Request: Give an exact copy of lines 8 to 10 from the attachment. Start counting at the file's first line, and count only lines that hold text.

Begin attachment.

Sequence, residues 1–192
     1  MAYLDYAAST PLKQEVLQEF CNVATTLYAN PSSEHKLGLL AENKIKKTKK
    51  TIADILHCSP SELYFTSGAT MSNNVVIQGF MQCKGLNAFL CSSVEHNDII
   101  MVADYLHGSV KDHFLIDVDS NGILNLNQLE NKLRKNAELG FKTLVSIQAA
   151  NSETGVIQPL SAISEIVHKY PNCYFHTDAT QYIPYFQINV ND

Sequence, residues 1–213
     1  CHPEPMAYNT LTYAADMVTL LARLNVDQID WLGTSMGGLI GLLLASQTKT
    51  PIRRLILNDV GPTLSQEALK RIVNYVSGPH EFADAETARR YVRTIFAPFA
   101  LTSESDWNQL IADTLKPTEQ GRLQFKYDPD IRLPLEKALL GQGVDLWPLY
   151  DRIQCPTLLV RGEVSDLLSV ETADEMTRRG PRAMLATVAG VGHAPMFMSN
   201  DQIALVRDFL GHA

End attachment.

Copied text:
    51  PIRRLILNDV GPTLSQEALK RIVNYVSGPH EFADAETARR YVRTIFAPFA
   101  LTSESDWNQL IADTLKPTEQ GRLQFKYDPD IRLPLEKALL GQGVDLWPLY
   151  DRIQCPTLLV RGEVSDLLSV ETADEMTRRG PRAMLATVAG VGHAPMFMSN